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Liz Cheney: `I was wrong' in opposing gay marriage in past

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FILE - In this July 27, 2021 file photo, Rep. Liz Cheney, R-Wy., listens to testimony from Washington Metropolitan Police Department Officer Daniel Hodges during the House select committee hearing on the Jan. 6 attack on Capitol Hill in Washington. 

WASHINGTON (AP) — Rep. Liz Cheney says she was wrong to oppose gay marriage in the past, a stand that once split her family.

Cheney, R-Wyo., a fierce critic of fellow Republican Donald Trump, also tells CBS News' "60 Minutes" that she views her reelection campaign as the most important House race in the nation as forces aligned with the former president try to unseat her. She voted to impeach Trump over his role in the Jan. 6 riot at the U.S. Capitol.

In the interview aired Sunday night, Cheney said she had little affection for President Joe Biden, who she believes has embraced harmful polices for the economy and national security with the Afghanistan withdrawal. "But the alternative cannot be a man who doesn't believe in the rule of law, and who violated his oath of office," Cheney said.

The daughter of former Vice President Dick Cheney was an ascendant Republican leader before the Jan. 6 riot, yet she is increasingly defined by her public opposition to Trump and his hold on the GOP. Cheney, 55, noted that she still talks with her father every night and that they share the same views on rejecting Trump.

Liz Cheney famously broke with her family in 2013 by opposing gay marriage ahead of a failed Senate bid. Her objections caused a rift with her sister, Mary, a married lesbian. Mary's spouse, Heather Poe, posted on Facebook that year that Cheney's position was offensive and that "I always thought freedom meant freedom for EVERYONE."

In the interview, Cheney said her opposition to gay marriage was misguided and she channeled her sister-in-law's Facebook post in explaining why she changed her position.

"I was wrong. I was wrong," she said. "It's a very personal issue — and very personal for my family. I believe that my dad was right. And my sister and I have had that conversation ... Freedom means freedom for everybody."

While still opposed to gun control, abortion and the Affordable Care Act, or "Obamacare," the Wyoming congresswoman finds herself on the outs for voting to impeach Trump after his Jan. 6 rally preceded a mob storming the Capitol in hopes of overturning his reelection loss to Biden. Trump continues to falsely claim election fraud in spite of results being certified by states and Republican election officials and courts rejecting dozens of legal challenges.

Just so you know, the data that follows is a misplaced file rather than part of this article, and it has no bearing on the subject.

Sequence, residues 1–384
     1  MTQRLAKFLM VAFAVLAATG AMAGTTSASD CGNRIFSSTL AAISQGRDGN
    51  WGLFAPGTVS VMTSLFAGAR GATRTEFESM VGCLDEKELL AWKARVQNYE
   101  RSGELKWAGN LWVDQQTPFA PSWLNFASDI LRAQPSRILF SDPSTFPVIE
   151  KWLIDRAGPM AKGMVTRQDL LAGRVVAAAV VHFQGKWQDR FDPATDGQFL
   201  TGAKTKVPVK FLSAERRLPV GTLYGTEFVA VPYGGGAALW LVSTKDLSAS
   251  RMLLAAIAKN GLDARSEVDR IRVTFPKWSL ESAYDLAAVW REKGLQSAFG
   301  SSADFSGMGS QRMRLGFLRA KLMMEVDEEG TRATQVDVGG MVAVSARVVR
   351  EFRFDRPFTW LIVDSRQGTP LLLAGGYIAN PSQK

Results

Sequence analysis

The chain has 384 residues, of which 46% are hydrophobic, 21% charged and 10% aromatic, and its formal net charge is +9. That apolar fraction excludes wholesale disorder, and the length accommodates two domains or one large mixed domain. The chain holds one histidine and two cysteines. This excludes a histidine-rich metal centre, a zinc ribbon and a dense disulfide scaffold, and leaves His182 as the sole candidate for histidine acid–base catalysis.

After voting to impeach Trump, Cheney lost her leadership post as chair of the House Republican Conference. Democratic House Speaker Nancy Pelosi put her on a nine-person committee to investigate the Jan. 6 assault and she serves as vice chair.

Trump has vowed to defeat Cheney in next year's primary election by backing Republican Harriet Hageman, an attorney. Cheney, seeking a fourth term, said nothing less than the authority of the Constitution is at stake.

"I think it's going to be the most important House race in the country in 2022. And — and it will be one where people do have the opportunity to say, 'We want to stand for the Constitution,'" Cheney said. "A vote against me in this race, a vote for whomever Donald Trump has endorsed, is a vote for somebody who's willing to perpetuate the big lie, somebody who's willing to put allegiance to Trump above allegiance to the Constitution, absolutely."

The Wyoming congresswoman criticized House Republican leader Kevin McCarthy of California for sticking with Trump after the assault on the Capitol.

"What he's done is embrace Donald Trump," she said. "And if I were doing what he's doing, I would be deeply ashamed of myself. I don't know how you explain that to your children. When you are in a situation where you have somebody who did what Donald Trump did, it is absolutely clear he cannot continue to be somebody you embrace."

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